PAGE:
- Port of Liège: increase of waterway traffic by 3 %, and the two product segments with the highest growth rate were wood / wood products (+21 %) and manufactured goods (+21 %). The category of wood contains wood pellets that are used by an energy plant to produce electricity. This energy plant had been the first plant worldwide that was reconverted from coal to biomass in 2005 (see also chapter 4).
- Port of Linz: traffic figures in one of the largest Danube ports rose strongly in the course of the year. After the cargo losses in Q1 2017 due to ice and low water levels, traffic results in Q2 were 18 % higher than one year earlier, and in Q3 2017 the difference was even 35 %, fostered by the rising steel production. For the sum of Q1-Q3 2017, the growth rate compared to Q1-Q3 2016 was only 2 %, due to the negative effects in Q1 2017.
Container transport in European ports
IWT Container traffic in European inland ports in (Q1+Q2+Q3) 2016 and (Q1+Q2+Q3) 2017 (1000 TEU)
Source : Destatis, Port autonome de Strasbourg, Swiss Rhine ports
Maritime container traffic in European seaports in (Q1+Q2+Q3) 2016 and (Q1+Q2+Q3) 2017 (in Mio TEU)
Source : Port of Rotterdam, Port of Antwerp, Port of Hamburg
- Port of Duisburg: in the biggest European inland port, located on the lower Rhine, around 265,000 container boxes with a total cargo weight of 4 million tonnes were transshipped per inland vessel in the first nine months, compared to 250,000 boxes and 4.1 million tonnes of cargo one year earlier.
- Port of Duisburg: 67 % of all containers transshipped per inland vessel in Q1-Q3 2017 were loaded; this share had been 64 % one year earlier.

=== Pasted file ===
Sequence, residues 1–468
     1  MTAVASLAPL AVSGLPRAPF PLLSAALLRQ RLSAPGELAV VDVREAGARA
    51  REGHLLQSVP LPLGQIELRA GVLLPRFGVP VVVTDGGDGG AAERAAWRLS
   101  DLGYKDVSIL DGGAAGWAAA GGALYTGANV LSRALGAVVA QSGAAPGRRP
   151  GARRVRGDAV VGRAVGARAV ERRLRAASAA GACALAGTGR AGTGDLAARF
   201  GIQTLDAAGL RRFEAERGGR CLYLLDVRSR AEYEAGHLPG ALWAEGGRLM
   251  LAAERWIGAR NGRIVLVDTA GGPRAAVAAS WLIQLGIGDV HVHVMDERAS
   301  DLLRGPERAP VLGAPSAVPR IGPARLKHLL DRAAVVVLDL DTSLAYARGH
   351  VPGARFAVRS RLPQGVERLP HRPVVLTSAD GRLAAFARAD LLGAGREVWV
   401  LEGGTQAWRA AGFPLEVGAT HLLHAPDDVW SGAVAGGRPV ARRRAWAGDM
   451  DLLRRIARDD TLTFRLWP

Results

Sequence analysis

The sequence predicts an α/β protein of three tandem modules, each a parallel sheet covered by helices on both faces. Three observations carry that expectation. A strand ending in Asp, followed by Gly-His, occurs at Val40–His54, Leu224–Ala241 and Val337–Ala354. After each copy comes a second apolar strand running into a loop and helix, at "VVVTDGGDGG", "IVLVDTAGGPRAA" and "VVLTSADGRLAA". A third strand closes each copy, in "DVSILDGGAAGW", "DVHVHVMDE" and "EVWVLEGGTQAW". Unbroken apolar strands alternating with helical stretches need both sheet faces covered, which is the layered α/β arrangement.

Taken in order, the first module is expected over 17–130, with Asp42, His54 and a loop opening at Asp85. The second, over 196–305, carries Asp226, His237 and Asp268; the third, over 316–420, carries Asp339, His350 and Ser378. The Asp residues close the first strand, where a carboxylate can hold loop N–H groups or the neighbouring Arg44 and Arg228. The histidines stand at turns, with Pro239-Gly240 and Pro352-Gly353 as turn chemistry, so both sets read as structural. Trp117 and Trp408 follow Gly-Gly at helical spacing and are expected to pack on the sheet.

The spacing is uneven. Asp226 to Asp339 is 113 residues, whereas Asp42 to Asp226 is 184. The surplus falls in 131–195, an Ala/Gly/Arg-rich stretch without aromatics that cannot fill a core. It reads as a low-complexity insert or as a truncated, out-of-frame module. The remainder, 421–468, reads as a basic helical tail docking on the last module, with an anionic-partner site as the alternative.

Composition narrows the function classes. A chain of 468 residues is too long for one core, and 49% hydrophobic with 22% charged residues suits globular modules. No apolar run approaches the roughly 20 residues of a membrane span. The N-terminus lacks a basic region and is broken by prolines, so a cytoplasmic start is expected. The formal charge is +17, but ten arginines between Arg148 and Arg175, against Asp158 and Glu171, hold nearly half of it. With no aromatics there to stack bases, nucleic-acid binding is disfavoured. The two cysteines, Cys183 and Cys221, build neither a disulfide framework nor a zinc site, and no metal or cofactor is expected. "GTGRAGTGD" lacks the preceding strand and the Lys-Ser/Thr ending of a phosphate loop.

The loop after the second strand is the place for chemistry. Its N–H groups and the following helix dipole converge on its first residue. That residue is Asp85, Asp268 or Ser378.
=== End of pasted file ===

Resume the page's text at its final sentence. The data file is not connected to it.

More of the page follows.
- Swiss Rhine ports: after a weak first quarter 2017 due to low water levels on the Rhine, waterside container traffic had a strong stimulus in the third quarter – the Rastatt incident was followed by an interruption of rail traffic along the upper Rhine axis for seven weeks, leading to a strong modal shift towards IWT.
- Swiss Rhine ports: in September 2017, TEU volumes were 36 % higher than in September 2016. Even after the railway lines were re-opened, river traffic had similar growth rates (October: +31 %, November: 34 %). It can therefore be assumed that large parts of the additional waterside traffic generated by the Rastatt incident will remain on the Rhine.
- Ten largest Rhine ports: the sum of waterside container traffic in Q1-Q3 2017 was 4 % higher than one year earlier. The result for the entire year 2017 will certainly be much better, as the effects of the Rastatt incident could still be felt in the fourth quarter.
- Ports of Paris: container traffic by IWT stagnated at a high level in 2017 (162,000 TEU) but, within this figure, the urban logistics segment – container transport with origin and destination within the Ile-de-France – progressed at a high rate (+14 %), reaching 33,500 TEU.
- Port of Brussels: container traffic confirmed its record level of 2016, and increased further by 4 %, reaching 31,000 TEUs. Thanks to this growth, port authorities are already thinking about a further extension of the container terminal.
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2. Freight traffic on inland waterways and in ports | CCNR